Talent 2030

INDUSTRY AND UNIVERSITY LEADERS JOIN FORCES TO LAUNCH MAJOR TALENT CAMPAIGN

Talent2030 is set to encourage more talented young people to pursue careers in manufacturing and engineering

A particular focus is on the lack of young women entering engineering or manufacturing resulting in the UK’s failure to tap into half of its talent base.

Talent 2030

What is Talent 2030?

Talent 2030 is an ambitious campaign powered by the National Centre for Universities and Business to encourage more talented young females to pursue careers in manufacturing and engineering – including software development.

Why Talent 2030?

At present only 8.4% of the UK’s professional engineers are women, the lowest level in Europe. From any perspective this is a huge waste of potential talent.

The three key messages which our research shows we hope will encourage more young women into engineering are:

  • More women role models
  • More emphasis on the green and sustainable side of engineering
  • Better knowledge of future earnings

A taskforce was led by Richard Greenhalgh (former Chairman of Unilever UK) and Nigel Thrift (Vice Chancellor, University of Warwick) which led to the release of our successful Great Expectations report on the need for an increased manufacturing and engineering base for UK economic recovery. This report features an exclusive survey which has helped shape the goal and purpose of the Talent 2030 campaign.

Our role

As well as direct outreach work with schools, we have been building up the policy case for change within government, business and universities, and have published ambitious targets setting out the numbers of young women the UK needs to be studying physics, mathematics and engineering – from GCSE through to PhD.

The National Centre joined with educators, industry and business in the Your Life campaign to work towards increasing participation in STEM (science, technology, engineering and mathematics) subjects, particularly among women. The National Centre is glad to be one of 180 organisations pledging to take action as part of the national Your Life campaign. NCUB have made several commitments, find out more here.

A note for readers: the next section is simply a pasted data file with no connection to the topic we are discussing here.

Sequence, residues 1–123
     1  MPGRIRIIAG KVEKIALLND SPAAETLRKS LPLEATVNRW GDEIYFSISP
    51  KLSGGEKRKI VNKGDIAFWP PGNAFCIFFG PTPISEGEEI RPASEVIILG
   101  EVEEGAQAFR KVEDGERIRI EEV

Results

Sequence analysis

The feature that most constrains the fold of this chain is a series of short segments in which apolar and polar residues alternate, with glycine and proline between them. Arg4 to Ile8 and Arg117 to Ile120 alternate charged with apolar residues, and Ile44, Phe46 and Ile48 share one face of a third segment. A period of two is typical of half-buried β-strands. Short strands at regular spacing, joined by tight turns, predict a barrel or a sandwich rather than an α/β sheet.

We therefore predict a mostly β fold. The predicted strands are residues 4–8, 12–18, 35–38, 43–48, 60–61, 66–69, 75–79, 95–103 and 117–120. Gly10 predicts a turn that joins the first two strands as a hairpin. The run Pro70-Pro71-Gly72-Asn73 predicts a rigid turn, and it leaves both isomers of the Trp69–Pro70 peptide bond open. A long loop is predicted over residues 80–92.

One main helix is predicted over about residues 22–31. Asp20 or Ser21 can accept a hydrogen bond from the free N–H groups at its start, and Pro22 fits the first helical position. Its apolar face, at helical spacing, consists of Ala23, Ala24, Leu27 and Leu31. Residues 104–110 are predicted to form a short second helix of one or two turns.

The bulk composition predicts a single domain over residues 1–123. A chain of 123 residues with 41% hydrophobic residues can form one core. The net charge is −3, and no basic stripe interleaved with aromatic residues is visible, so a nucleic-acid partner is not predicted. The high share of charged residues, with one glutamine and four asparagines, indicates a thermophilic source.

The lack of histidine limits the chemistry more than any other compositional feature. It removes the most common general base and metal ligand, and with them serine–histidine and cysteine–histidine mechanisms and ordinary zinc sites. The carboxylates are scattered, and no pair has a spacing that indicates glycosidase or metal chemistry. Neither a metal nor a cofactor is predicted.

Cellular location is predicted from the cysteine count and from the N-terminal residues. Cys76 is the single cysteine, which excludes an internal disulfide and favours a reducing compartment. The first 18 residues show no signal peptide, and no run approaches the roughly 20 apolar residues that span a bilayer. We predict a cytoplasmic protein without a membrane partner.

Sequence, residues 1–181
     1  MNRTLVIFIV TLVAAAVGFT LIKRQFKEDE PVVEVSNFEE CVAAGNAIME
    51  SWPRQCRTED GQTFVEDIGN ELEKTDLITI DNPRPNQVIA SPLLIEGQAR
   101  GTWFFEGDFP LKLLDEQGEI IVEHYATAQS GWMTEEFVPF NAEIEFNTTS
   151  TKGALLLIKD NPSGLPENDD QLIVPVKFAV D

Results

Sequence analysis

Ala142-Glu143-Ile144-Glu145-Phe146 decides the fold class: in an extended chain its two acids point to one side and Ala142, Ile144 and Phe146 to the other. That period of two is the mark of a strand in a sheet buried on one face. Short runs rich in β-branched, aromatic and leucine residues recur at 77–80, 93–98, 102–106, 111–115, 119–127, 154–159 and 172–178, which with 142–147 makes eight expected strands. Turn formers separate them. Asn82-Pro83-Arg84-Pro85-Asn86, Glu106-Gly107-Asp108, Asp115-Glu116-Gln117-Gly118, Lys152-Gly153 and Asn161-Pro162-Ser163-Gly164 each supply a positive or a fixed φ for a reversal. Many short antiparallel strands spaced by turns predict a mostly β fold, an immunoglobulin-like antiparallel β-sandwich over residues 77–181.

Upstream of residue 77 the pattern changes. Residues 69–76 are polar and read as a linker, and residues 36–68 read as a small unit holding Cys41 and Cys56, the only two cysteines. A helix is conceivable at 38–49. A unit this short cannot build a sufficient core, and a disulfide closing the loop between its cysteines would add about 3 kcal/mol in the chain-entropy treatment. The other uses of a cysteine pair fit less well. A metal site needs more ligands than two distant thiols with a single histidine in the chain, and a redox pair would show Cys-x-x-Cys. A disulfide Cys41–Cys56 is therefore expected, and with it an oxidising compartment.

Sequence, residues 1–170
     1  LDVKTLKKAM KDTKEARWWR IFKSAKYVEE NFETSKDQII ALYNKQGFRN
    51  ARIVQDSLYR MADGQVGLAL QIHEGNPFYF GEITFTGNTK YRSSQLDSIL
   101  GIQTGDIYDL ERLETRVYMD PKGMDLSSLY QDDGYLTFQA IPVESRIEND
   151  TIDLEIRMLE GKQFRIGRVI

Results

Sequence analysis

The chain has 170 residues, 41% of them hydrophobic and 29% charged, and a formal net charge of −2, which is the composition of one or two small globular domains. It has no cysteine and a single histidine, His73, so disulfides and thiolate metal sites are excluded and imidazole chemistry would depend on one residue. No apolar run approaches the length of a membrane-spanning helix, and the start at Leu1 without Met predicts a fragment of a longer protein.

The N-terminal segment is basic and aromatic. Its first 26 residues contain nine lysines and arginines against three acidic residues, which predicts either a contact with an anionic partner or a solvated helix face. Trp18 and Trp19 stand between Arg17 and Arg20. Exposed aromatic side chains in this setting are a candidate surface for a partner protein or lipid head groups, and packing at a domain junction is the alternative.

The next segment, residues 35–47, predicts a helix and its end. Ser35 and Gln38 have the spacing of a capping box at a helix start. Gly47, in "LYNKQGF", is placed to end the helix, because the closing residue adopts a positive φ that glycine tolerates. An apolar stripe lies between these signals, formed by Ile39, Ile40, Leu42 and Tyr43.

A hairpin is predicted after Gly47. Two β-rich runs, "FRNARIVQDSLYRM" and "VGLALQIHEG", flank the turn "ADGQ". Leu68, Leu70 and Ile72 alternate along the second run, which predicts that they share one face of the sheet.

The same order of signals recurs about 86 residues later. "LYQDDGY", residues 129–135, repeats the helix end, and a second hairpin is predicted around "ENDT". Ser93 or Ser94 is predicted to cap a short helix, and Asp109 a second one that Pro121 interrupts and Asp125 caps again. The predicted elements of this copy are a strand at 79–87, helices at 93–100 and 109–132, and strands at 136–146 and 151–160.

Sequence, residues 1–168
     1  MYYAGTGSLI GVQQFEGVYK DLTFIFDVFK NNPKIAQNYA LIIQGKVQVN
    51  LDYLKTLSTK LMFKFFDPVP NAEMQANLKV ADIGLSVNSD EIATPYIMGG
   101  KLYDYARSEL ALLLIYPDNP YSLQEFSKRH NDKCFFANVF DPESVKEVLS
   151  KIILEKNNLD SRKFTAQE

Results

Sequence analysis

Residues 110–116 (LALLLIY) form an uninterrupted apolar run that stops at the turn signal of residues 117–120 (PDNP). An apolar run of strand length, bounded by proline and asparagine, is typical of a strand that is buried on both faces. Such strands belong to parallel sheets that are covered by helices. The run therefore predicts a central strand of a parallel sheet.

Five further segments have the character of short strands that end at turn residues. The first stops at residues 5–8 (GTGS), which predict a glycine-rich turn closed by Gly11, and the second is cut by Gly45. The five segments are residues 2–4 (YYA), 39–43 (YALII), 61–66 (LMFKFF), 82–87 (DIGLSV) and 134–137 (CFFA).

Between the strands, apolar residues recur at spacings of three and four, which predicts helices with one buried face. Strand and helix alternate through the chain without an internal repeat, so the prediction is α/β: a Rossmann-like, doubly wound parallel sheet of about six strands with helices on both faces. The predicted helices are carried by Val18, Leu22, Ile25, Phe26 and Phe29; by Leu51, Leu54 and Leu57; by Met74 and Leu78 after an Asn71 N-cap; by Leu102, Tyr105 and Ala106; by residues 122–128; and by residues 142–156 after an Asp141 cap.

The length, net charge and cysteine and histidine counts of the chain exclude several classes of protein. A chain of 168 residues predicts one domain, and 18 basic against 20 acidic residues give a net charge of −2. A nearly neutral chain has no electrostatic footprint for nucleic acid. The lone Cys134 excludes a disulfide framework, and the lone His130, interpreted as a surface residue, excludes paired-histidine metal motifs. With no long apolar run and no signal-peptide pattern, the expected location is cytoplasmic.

Our Targets for Women in Engineering

The National Centre for Universities and Business produced its first Green Paper: Target 2030: Increasing female graduates working in MTEC in 2014 which carefully outlines the need and demand for more female graduates in manufacturing, technology, engineering and computing industries.

The report explains why businesses are crying out for high-quality engineers, technicians and manufacturing business leaders and how the Target 2030 challenge of increasing the number of women studying physical and formal sciences at school and university will help attract and retain them in the MTEC labour force.

We have produced a Dashboard (below) that outlines our goals across education and the workforce. The purpose of the dashboard is to set out serious targets over a credible timeline which we will monitor every year from 2012 to 2030. You can download the Talent 2030 2017 Dashboard Report here. Click here to read about how Physics GCSE has hit gender parity this year.

JPEG Talent-2030-Dashboard-A3-Poster-Sep17-WEB

Who is involved?

Sarah Cowan is Programmes Manager at the National Centre for Universities and Business and runs all the engineering programmes. Sarah is passionate about talent development for women, including increasing the numbers of women in engineering and technology as well as preparing them for leadership positions across all sectors. To get in touch with Sarah click here.

The Talent 2030 campaign is supported by Rolls-Royce, PepsiCo and Centrica.

The History of Talent 2030

Leading figures in Industry and Higher Education launched Talent 2030 to encourage more talented young people to pursue careers in manufacturing and engineering. The campaign was originally led by the National Centre’s Director of External Affairs, Aaron Porter (former President, NUS) in 2012.

To mark the start of the campaign the National Centre published the ground-breaking Great Expectations report which finds that building a strong manufacturing and engineering base is vital to the UK’s economic recovery. The report warns that the country is failing to harness the whole of its talent base and is at risk of losing its competitive edge.

The taskforce behind the report, led by Richard Greenhalgh (former Chairman of Unilever UK) and Nigel Thrift (Vice Chancellor, University of Warwick), commissioned an exclusive survey of undergraduate girls in the penultimate year of their courses who all achieved A grades in GCSE maths, physics and chemistry.  It reveals that:

  • Less than a third of female undergraduates studying STEM subjects wish to pursue a career in the engineering and manufacturing sector.
  • Careers advice in school is lacking, with 9 in 10 of them saying they cannot remember receiving any career advice at all about manufacturing and engineering.
  • 2 in 5 of the girls said they could be persuaded to take up a career in manufacturing and engineering, but were now not doing the right degrees.